Today’s Headlines: The Correlation Between Standing and Your Risk of Diabetes, How Your Boss Affects Your Health, and Why Your Mood Doesn’t Determine Your Lifespan

Women at risk for type 2 diabetes should stand a little more throughout the day. A recent study showed that standing and light exercise, such as walking, helped lower blood sugar levels. “The study involved 22 overweight postmenopausal women at risk for diabetes, and three possible daily routines…Compared to those who sat for the entire 7.5 hours, those who stood every half hour had a 34 percent smaller increase in glucose levels after eating. Increased concentrations of naturally-produced insulin, which is a sign of diabetes, were also smaller among women who stood or walked every half hour, researchers found.” While the researchers were not completely certain on why there was a correlation between moving and lower blood sugar, they suggested that perhaps it was that “…muscle activity sends a message to the body to start using glucose for energy.” (Fox)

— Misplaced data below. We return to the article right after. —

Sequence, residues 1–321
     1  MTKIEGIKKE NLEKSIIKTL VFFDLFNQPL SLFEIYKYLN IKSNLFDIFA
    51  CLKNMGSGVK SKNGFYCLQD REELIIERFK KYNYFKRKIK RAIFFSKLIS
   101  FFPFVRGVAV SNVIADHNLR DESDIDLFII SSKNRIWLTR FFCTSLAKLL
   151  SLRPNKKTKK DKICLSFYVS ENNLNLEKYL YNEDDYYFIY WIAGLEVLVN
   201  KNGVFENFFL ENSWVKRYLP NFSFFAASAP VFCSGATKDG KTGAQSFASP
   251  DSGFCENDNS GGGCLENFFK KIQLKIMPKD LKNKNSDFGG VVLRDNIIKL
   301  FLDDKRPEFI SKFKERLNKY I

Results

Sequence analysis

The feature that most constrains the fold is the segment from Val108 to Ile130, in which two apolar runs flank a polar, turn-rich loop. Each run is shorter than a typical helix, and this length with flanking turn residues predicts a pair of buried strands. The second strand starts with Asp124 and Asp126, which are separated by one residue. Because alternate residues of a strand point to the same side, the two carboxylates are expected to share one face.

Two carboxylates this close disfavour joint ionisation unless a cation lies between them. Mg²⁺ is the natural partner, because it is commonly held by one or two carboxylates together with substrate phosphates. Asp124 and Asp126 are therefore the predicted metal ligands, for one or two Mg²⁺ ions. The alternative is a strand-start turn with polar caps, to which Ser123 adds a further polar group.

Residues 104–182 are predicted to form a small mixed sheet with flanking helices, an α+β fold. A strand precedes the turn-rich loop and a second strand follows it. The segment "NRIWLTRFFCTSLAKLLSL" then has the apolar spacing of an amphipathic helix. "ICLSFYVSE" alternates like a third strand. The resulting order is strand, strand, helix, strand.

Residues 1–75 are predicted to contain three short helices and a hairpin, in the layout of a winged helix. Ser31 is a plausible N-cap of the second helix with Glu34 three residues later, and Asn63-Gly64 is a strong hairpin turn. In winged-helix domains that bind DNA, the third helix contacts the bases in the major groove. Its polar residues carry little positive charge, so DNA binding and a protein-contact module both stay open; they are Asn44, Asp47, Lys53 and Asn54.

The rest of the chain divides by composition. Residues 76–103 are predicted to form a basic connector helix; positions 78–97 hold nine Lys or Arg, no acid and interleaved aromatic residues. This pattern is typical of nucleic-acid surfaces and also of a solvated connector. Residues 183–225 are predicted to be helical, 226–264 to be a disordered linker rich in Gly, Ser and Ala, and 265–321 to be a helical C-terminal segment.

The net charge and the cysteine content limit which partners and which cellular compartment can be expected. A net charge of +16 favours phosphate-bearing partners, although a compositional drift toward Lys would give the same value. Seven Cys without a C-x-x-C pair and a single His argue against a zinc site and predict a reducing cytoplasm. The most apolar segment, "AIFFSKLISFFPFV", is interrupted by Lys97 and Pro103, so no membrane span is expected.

Negative experiences or feedback from your boss can spike your blood pressure. The interesting part of these findings was not that your boss causes you stress, but that it’s not controlled or isolated stress that is finished after a few minutes, it continues into your personal life and may persistently affect your health. “The researchers think that one mechanism at play is rumination: the tendency to play a negative episode over and over again in your head… this may contribute to the link between stressful work conditions and heart problems like hypertension and cardiovascular disease.” The research study concluded with the assumption that having a good boss is better for your heart and overall health. (Time)

Being happy may not have anything to do with how long you live. While it seems to be common knowledge that the happier you are the longer and better you will live, a recent study contradicted this traditional thought process. “A series of studies had shown that how happy people are, strongly predicts how long they are going to live. Ideas included detrimental changes in stress hormones or the immune system resulting in a higher risk of death. But the research team in the UK and Australia said those studies failed to deal with reverse causality – namely, that people who are ill are not very happy.” The study stated that happiness had to deal with health state and therefore people who described themselves as unhappy died sooner because they were suffering from a health condition that made them perceive their mood as unhappy. (BBC)